It is indubitable to adduce that the development agencies and civil society has a key
role to play in fighting corruption, with the aim of promoting good governance. For this role to be achieved, there is a need to fill the knowledge gaps in the scope of risk
assessment to consider whether their programmes are vulnerable to corruption, such
as theft or misappropriation of funds or in-kind goods by warring parties, real or
perceived inequities in the distribution of aid and sexual abuse and exploitation of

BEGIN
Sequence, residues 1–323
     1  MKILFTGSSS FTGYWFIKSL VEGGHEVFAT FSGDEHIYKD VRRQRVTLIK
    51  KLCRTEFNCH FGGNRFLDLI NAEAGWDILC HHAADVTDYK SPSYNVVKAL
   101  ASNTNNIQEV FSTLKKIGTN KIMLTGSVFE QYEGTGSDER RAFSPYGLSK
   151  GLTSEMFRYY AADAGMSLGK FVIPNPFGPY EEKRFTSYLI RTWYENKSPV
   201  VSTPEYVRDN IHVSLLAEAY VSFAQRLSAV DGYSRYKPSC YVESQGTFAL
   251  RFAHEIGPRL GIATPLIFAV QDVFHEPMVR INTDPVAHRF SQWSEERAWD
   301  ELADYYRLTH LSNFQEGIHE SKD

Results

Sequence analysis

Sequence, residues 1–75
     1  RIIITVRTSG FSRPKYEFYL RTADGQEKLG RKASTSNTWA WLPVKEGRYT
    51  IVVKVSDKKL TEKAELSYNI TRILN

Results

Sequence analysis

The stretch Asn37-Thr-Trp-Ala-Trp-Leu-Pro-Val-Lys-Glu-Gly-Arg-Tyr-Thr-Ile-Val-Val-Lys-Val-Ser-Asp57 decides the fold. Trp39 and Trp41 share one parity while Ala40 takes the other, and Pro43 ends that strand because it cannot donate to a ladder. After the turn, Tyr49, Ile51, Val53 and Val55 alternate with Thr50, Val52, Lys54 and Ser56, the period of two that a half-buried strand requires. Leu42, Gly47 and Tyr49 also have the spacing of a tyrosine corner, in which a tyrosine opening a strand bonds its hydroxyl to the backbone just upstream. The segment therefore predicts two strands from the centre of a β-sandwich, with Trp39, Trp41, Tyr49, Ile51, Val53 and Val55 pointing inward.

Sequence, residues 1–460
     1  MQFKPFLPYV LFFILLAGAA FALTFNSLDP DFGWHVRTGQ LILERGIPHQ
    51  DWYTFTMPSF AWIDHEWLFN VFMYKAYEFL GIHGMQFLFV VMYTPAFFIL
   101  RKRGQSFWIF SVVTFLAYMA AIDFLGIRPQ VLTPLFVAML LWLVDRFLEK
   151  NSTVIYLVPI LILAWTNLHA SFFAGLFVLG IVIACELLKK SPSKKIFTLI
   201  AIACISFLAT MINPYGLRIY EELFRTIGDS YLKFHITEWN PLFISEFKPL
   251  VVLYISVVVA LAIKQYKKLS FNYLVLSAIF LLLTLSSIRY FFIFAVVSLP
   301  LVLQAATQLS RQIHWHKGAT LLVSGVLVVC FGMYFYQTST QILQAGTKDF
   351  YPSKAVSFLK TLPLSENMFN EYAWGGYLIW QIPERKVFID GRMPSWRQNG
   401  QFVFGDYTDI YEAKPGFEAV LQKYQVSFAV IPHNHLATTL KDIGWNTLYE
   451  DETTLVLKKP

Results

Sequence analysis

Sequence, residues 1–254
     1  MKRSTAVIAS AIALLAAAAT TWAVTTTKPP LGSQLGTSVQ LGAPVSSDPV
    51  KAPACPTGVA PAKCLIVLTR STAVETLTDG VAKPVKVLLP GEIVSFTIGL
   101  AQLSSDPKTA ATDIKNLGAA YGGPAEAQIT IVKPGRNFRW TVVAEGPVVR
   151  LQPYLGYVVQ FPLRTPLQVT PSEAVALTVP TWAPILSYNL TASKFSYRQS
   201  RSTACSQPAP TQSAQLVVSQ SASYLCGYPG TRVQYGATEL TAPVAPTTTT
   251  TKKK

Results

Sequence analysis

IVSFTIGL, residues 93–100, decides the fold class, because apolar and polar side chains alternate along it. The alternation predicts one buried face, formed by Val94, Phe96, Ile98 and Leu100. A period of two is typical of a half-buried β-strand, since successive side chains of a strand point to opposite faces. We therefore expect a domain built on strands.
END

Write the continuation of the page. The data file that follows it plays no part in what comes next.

beneficiaries by agency or partner staff. While every situation is different, in all cases development agencies and civil societies have to balance their commitment to humanitarian principles with the need to
control the risk of corruption so as to be truly accountable to their beneficiaries, partners and donors.